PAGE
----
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February 27, 2019

History of False Flag Indian operations dates back to 1971

National

February 27, 2019

LAHORE: The Indian political and security establishment, ably assisted by their chosen media houses, is notorious since 1971 for designing bizarre False Flag operations to deceive the world, defame Pakistan and disguise the actual source of responsibility, though each time New Delhi has tried to cover up its intelligence failures and faulty policies, its internal investigative reports have mocked all such claims.

The term “False Flag” originally referred to pirate ships that flew flags of countries as a disguise to prevent their victims from fleeing or preparing for battle. The Pulwama terror incident is not the first time the Indians have resorted to the use of a False Flag to hide the reality and accomplish their ulterior motives.

In September 2016, just a day before the-then Pakistani Premier, Nawaz Sharif, was gearing up to address the United Nations General Assembly and apprise the world of the Indian atrocities in Held Kashmir, those at the helm of affairs in New Delhi had yet again accused Pakistan of attacking a military camp in Occupied Kashmir without any substantial proof.

India had actually wanted to dilute the effects of Nawaz Sharif’s speech at the United Nations. Well, India keeps spelling out this rhetoric and the timing of airing such concocted and fabricated fairy tales is extremely significant.

On January 2, 2016, after the Pathankot Air Base in Indian Punjab was reportedly/allegedly attacked by militants, a banned outfit “Jaish-e-Muhammad” was promptly blamed by key government functionaries in New Delhi, instead of first apprehending the miscreants and carrying out the necessary combat operations to clear the facility.

Within hours, an internal probe had thrown an egg on Indian government’s face. On June 2, 2016, as “Zee News” had reported, the Director General of Indian National Investigation Agency, Sharad Kumar, said that there was no evidence to indicate the direct complicity of the Pakistani government or the Pakistani agencies at the Pathankot attack.

The “Zee News” had quoted Kumar as saying: “No evidence suggests that Pakistan government or Pakistani government agency was helping Jaish–e–Mohammed or Masood Azhar or his aides to carry out Pathankot attack.”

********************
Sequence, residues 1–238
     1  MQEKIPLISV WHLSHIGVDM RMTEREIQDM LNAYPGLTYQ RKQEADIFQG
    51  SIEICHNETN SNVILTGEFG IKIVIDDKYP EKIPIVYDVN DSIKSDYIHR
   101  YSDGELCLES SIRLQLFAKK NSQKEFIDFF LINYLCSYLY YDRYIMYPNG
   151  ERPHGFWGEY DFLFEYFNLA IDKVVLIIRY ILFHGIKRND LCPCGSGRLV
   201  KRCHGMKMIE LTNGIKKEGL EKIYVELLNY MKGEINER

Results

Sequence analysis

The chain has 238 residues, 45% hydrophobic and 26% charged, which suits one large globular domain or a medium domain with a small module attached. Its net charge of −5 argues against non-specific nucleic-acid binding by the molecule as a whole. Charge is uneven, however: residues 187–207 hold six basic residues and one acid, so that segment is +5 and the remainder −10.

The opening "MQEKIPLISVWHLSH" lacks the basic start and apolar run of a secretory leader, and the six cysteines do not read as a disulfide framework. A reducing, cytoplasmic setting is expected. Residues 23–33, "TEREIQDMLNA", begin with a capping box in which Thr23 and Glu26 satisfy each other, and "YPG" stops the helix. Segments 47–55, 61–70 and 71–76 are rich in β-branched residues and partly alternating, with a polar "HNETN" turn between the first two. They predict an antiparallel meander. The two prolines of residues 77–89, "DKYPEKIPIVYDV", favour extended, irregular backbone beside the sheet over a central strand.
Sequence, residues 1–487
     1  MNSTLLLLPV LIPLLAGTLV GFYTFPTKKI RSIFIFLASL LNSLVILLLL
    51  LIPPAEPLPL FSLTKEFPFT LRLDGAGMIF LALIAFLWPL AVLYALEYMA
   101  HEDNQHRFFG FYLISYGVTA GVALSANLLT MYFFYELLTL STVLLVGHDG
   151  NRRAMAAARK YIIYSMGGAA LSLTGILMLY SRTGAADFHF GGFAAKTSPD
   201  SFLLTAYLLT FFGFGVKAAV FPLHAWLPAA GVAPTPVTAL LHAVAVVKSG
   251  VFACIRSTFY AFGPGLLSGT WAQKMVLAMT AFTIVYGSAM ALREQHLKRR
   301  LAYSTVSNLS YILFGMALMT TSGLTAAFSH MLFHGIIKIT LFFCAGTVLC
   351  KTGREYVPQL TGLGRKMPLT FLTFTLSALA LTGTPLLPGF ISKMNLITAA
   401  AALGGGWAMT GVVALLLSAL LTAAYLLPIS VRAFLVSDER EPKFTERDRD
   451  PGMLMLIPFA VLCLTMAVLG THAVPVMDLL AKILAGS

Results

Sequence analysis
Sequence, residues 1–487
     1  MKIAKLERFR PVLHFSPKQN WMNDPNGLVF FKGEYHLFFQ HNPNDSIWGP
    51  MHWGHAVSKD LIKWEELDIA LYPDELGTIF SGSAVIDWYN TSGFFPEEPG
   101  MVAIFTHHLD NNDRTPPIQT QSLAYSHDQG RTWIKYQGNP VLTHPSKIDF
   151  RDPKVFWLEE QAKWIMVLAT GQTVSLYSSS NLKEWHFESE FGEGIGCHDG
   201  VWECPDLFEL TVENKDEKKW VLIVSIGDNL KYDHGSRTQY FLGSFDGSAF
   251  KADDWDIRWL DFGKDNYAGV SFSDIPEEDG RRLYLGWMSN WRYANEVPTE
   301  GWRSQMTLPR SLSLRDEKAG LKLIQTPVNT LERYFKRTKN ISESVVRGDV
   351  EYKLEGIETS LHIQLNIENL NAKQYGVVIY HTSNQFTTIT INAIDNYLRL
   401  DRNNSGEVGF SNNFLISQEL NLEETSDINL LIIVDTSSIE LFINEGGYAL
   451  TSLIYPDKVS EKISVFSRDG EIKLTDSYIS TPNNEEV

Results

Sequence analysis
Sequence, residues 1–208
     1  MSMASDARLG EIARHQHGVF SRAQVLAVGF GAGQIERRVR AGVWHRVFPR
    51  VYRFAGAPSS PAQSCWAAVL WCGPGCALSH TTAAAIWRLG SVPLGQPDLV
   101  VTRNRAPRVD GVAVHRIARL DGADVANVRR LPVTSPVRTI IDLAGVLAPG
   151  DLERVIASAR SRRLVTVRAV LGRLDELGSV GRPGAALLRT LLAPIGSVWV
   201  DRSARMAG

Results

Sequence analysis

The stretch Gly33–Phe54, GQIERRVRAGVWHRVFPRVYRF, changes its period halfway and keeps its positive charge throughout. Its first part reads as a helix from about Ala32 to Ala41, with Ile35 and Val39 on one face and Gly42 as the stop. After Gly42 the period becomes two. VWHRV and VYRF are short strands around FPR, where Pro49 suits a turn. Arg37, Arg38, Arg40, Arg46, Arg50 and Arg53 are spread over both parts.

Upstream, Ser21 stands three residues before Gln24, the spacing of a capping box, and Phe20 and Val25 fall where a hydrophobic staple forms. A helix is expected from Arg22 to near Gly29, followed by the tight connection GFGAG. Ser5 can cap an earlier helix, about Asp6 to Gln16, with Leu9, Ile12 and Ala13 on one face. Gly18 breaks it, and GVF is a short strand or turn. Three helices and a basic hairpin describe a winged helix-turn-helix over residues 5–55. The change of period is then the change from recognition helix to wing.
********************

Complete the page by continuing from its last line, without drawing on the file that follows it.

Following Director General Kumar’s statement, the Ministry of Foreign Affairs in Islamabad had said the Indian inquiry had vindicated Pakistan’s longstanding position in the context of Pathankot.

The statement by the Pakistani Foreign Office had added, “The spirit of cooperation is manifested in the action we (Pakistan) took in the wake of the alleged incident.” It is worth recalling that the Pathankot Air Base attack had occurred just days after Indian Prime Minister Narendra Modi had paid a ‘surprise’ visit to Prime Minister Nawaz Sharif on his birthday and the occasion of his granddaughter's wedding; a move that appeared to promise better relations between the two nuclear rivals.

History of False Flag Indian operations:

Research reveals that on January 30, 1971, the Indian spy agency RAW had conducted a False Flag operation by making its operatives hijack a Fokker “Ganga” from India to Lahore.

The Indian government had immediately said Kashmiri freedom fighters, Hashim Qureshi and Ashraf Butt, were behind the hijacking. It had disallowed Pakistani aircraft from using its air space forthwith. Pakistani planes could no longer fly to the restive East Pakistan (later Bangladesh).

On February 1, 1971, the passengers and crew of “Ganga” were released in Lahore and the aircraft was burnt. Interestingly, the Indian Airlines plane “Ganga” was already withdrawn from service but was re-inducted days before the hijacking.

The events that followed showed that the purpose behind this False Flag operation was to cut off east-west air flights of Pakistan so as to give free hand to Mujibur Rehman and his cronies to speed up their secession plan and create Bangladesh.